Obama ties hope for economic recovery to passage of budget

President Barack Obama in the Oval Office.
President Barack Obama in the Oval Office. Gerald Herbert / AP

WASHINGTON — Two months into his term, President Barack Obama went before the American people on Tuesday evening to say that he's enacted the broad plans needed to lift the country out of an economic crisis and urged the adoption of his $3.55 trillion budget as another critical step toward recovery.

"We've put in place a comprehensive strategy designed to attack this crisis on all fronts," he said at White House prime-time news conference, the second of his presidency.

"It's a strategy to create jobs, to help responsible homeowners, to restart lending, and to grow our economy over the long-term. And we are beginning to see signs of progress."

He cautioned, however, that more work remains to be done. He pressed for new powers to regulate financial institutions such as insurance giant American International Group, and for a budget blueprint that would dramatically expand the size, reach and cost of the federal government.

He urged Americans and the world to be patient, saying it would take time to restore the economy, not to mention addressing other intractable problems such as violence in the Middle East. "I'm a big believer in persistence," he said.

The economy dominated the discussion, and even as he suggested reasons for optimism, a shift of tone from him after weeks of dire warnings, Obama strived to tie hopes of recovery to his proposed budget for the fiscal year starting Oct. 1.

"This budget is inseparable from this recovery because it is what lays the foundation for a secure and lasting prosperity," he said, all but warning that Congress's rejection of his budget would imperil the economy.

Obama recognized that he won't get all he wants even from a Democratic Congress and suggested a willingness to bargain on proposals to cut middle-class taxes and a plan to curb the emissions that cause global warming.

"We never expected when we printed out our budget that they would simply Xerox it," he said.

He said that he'd insist on broad principles, including an expansion of health care, spending on education and energy, and a reduction in the deficit.

"The budget I submitted to Congress will build our economic recovery on a stronger foundation, so that we do not face another crisis like this 10 or 20 years from now," he said.

However, he didn't include in his must-do list his own middle-class tax cut or the plan to "cap and trade" greenhouse-gas emissions. He said he did get the tax cut into the temporary plan to stimulate the economy, so "we know that's going to be in place for at least the next two years." On the global-warming proposal, he said vaguely that "we've got to move toward a new energy future."

His budget blueprint, which lawmakers will start taking up Wednesday morning, faces increasing skepticism.

New forecasts from the nonpartisan Congressional Budget Office show already skyrocketing annual deficits climbing even higher than Obama had predicted just weeks ago, reaching $1.8 trillion, or 13.1 percent of the entire economy in the current fiscal year; and $1.4 trillion, or 9.6 percent of gross domestic product next year.

Mindful of the complaints that his budgets foretell red ink as far as the eye can see, Obama insisted that he's being fiscally responsible. "We have made the tough choices necessary to cut our deficit in half by the end of my first term even under the most pessimistic estimates," he said.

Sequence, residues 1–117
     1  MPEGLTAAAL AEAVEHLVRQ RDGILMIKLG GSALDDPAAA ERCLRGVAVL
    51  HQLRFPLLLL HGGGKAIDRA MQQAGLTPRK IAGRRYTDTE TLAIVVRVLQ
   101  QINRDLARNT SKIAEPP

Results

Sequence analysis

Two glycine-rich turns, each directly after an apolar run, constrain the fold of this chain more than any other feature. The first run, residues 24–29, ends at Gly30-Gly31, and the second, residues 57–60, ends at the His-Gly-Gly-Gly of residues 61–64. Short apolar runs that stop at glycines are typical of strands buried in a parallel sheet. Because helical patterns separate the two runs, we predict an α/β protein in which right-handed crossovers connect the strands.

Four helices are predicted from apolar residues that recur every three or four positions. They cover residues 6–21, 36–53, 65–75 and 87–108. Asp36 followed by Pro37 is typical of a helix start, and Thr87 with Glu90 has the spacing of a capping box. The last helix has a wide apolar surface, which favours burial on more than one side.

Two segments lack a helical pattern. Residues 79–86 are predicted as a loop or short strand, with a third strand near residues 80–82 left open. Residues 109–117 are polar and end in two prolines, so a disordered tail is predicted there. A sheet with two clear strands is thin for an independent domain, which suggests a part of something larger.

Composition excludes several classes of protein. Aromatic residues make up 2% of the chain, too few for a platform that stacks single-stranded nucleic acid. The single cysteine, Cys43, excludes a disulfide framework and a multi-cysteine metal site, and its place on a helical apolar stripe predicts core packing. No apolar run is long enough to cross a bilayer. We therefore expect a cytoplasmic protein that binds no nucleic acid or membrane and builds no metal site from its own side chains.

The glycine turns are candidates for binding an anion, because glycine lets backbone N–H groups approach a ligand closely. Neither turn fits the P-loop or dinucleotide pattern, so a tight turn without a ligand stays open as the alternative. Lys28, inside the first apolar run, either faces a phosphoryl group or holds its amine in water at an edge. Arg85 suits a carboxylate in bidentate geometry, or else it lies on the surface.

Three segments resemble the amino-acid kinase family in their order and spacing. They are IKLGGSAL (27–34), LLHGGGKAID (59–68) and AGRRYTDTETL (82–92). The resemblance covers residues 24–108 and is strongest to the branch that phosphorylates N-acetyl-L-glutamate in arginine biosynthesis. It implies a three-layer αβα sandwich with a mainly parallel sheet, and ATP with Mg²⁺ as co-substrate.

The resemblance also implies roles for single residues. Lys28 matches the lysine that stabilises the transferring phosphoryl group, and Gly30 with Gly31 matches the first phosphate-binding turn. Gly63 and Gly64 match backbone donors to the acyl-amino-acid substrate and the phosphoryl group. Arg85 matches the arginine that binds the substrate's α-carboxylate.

While his proposed expansion of the federal government would add trillions of dollars in debt, Obama said that he'd lay the foundation for a stronger recovery and more sustainable growth in the future.

"The best way to bring our deficit down in the long run is not with a budget that continues the very same policies that have led us to a narrow prosperity and massive debt," he said.

"It's with a budget that leads to broad economic growth by moving from an era of borrow and spend to one where we save and invest."

Yet the CBO projected that Obama's budget would double the national debt as a share of GDP over 10 years.

"When the president says 'save and invest,' he must really mean 'borrow and spend' more, since in his first budget the president manages to amass more debt than the previous 43 presidents combined," said Joe Pounder, a spokesman for Rep. Eric Cantor, R-Va.

And budget committees in Congress signaled on Tuesday they'd try to pare back some of Obama's proposed spending increases. "There will be change, there's no question," said Sen. Dianne Feinstein, D-Calif.

On other issues, Obama:

_ Defended the fact that it took him a few days to condemn bonuses for executives at AIG. "I like to know what I'm talking about before I speak," he said.

_ Explained his decision earlier in the day to send more guards — but no military — to help guard the U.S.-Mexico border.

"We are sending millions of dollars in additional equipment . . . hundreds of additional personnel that can help control the border," he said. "We are going to continue to monitor the situation. And if the steps that we've taken do not get the job done, then we will do more."

_ Rejected China's proposal for a new world currency to replace the dollar as the dominant currency.

_ Said he wrestled with his decision to allow federal financing of medical research using human embryos but that he was satisfied that he ordered ethical guidelines for it. "I don't take decisions like this lightly," he said. "This was the right thing to do, and the ethical thing to do."

_ Said that race hasn't been a major factor in his presidency. "The last 64 days has been dominated by me trying to figure out how we're going to fix the economy, and that affects black, brown and white," he said.


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